Kids are fussy eaters – and Olney daycare staff are likely the first ones to admit that! However, these dedicated and trained child care professionals know that feeding healthy snacks is also critical. While child care professionals have the advantage of training and experience to guide them in making healthy snacks, here are some great ideas for parents to try at home. Kids will eat healthy…and they’ll love it!
Setting the Table
Before we lay out what’s on the healthy snack food menu, here are some tips to consider when creating your healthy snack plan:
With these points as your cornerstone, you’re now ready to plan a healthy kids snack fest. The items we’ve listed here are healthy, they’re easy to make, and they don’t require much prep time. Plus, all the ingredients are readily available – either in your refrigerators, on your pantry shelf, or at a nearby grocery store.
What’s on the Menu?
It may be helpful for you to plan your snacks ahead of time – perhaps for the entire week. Some of these ideas are, however, best prepared freshly – like fixings for the Pita pocket idea. Others, like the smoothies and fries, can be prepared in advance and stored for later consumption.
Kids often make a fuss over eating their veggies. However, when they’re in daycare in Olney MD, the staff use ingenious methods to entice young kids to eat healthy – including a generous portion of vegetables. At home, parents and home caregivers can use this same approach to get their growing child to eat celery:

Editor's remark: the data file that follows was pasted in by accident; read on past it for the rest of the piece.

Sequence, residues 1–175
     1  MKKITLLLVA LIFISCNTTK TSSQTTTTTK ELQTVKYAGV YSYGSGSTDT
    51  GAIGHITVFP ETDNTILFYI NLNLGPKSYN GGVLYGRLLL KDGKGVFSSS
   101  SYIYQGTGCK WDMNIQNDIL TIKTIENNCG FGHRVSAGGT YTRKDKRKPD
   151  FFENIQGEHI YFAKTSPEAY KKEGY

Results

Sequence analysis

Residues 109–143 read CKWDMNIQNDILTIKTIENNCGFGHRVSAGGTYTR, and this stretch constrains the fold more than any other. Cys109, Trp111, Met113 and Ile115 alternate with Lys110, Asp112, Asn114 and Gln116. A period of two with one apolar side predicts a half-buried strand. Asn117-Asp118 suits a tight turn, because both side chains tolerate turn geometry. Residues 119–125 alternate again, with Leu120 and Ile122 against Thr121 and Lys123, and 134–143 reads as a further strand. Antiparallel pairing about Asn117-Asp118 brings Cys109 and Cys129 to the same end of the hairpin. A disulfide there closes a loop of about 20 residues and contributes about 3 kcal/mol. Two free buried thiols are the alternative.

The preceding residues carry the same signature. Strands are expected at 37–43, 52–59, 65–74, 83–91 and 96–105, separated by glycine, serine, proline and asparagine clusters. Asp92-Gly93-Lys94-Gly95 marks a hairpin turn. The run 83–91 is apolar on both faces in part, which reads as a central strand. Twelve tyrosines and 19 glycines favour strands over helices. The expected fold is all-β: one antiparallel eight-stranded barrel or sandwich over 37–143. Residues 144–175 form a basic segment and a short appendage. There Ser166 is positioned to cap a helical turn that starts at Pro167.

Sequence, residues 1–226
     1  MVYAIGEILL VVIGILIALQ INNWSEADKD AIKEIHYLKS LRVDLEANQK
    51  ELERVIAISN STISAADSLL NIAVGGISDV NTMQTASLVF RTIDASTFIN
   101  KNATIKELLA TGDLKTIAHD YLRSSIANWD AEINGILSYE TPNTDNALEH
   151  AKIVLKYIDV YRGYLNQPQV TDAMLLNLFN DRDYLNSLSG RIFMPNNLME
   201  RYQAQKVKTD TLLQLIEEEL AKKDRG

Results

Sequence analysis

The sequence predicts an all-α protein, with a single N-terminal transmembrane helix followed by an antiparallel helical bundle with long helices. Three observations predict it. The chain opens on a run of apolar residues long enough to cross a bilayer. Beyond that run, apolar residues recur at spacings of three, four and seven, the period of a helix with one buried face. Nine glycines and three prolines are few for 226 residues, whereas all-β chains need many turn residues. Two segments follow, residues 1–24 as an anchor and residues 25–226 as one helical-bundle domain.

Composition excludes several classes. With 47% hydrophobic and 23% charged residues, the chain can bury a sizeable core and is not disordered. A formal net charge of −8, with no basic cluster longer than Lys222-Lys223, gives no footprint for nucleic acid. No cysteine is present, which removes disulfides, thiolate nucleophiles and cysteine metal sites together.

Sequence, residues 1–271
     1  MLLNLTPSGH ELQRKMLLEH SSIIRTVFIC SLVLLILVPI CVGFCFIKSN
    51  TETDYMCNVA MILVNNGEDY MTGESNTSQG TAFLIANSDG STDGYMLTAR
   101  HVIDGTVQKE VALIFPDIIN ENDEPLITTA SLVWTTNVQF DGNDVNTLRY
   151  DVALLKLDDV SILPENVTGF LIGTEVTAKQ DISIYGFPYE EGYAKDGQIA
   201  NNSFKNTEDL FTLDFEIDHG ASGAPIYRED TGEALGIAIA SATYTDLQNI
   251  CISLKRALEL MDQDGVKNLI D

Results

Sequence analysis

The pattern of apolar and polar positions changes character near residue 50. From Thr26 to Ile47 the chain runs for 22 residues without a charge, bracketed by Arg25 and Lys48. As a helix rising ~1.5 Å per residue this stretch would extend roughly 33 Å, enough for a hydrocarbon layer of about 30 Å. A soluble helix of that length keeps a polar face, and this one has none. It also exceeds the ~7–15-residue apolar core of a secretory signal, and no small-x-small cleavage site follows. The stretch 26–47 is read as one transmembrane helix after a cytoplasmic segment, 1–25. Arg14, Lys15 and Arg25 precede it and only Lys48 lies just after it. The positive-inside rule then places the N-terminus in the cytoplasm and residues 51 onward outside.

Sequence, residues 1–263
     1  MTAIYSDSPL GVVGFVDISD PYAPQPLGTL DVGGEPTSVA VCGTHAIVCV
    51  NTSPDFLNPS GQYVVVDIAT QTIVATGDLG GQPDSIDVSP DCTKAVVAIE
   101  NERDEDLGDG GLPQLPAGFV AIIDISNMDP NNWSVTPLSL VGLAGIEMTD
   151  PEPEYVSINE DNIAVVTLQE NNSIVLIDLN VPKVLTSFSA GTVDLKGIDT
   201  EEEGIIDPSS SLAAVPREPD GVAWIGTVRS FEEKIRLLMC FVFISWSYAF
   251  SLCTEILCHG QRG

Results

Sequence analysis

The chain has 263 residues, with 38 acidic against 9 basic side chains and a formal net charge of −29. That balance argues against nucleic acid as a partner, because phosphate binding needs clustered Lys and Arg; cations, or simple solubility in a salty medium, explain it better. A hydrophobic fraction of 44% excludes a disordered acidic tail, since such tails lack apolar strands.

Cut a stalk of Celery into half, and spread a light layer of jam (sugar-free), butter or margarine on it – don’t over saturate the vegetable with PB. Then, stick a few grains of raisins along the path of the PB, mimicking ants crawling on a log. The game might involve eating as many ants as possible – each bite of celery that the child takes gets them more ants. But the result is that the child eats their vegetables in a fun way!
This combination of Celery and Jam, Margarine or Butter, with Raisins, delivers a healthy portion of proteins, carbs and fats to the child. Be mindful that neither the PB nor the raisins have extra sugars added, and that the PB used is a low-fat variety.
Young and growing kids indulge in plenty of physical activities – running, jumping, skipping, and jostling. As such, they need healthy bones. One of the best ways to ensure kids’ bones develop, is by adding calcium to their snack box. Yogurt is an excellent source of calcium and protein, which gives kids stamina and strengthens their bones. Some varieties of this kid’s favorite snack also contain trace amounts of live bacteria that’s helpful for the child’s digestive systems.
The one caution about yogurt as a healthy snack idea is that some manufacturers load their products with sugar, which isn’t too healthy for your child in large amounts. When choosing healthy yogurt, go for the plain, unsweetened, full-fat version. You can then sweeten it with fresh fruits or raisins. Honey is also a great natural sweetener to add to unsweetened yogurt. However, doctors typically advise against feeding honey to infants and babies under 12-months[i] old for fear of botulism infections.